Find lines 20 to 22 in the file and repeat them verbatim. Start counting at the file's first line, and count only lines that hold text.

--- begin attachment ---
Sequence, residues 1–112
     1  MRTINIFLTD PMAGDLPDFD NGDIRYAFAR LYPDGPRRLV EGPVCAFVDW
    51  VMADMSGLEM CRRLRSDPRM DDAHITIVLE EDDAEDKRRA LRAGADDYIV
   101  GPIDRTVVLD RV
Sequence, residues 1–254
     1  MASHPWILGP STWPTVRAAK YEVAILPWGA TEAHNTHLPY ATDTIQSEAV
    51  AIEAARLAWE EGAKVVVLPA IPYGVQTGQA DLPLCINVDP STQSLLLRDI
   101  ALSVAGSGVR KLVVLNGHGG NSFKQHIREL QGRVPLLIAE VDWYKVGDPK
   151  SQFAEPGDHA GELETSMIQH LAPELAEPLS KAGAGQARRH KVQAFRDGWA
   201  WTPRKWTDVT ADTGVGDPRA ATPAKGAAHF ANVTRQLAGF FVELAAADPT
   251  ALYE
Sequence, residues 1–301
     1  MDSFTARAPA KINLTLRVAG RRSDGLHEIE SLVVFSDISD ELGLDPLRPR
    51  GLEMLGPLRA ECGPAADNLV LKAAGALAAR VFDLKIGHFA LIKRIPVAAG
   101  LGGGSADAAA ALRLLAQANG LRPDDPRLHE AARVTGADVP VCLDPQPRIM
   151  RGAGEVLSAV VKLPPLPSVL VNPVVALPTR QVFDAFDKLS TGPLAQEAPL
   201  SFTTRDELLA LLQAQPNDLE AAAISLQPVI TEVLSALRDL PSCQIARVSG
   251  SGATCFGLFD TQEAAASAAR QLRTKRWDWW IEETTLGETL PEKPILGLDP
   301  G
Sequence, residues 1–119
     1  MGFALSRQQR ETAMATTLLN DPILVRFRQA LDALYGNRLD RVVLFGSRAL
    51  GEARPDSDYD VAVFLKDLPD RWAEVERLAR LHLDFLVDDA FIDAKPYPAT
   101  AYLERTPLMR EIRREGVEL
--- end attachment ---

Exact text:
Sequence, residues 1–119
     1  MGFALSRQQR ETAMATTLLN DPILVRFRQA LDALYGNRLD RVVLFGSRAL
    51  GEARPDSDYD VAVFLKDLPD RWAEVERLAR LHLDFLVDDA FIDAKPYPAT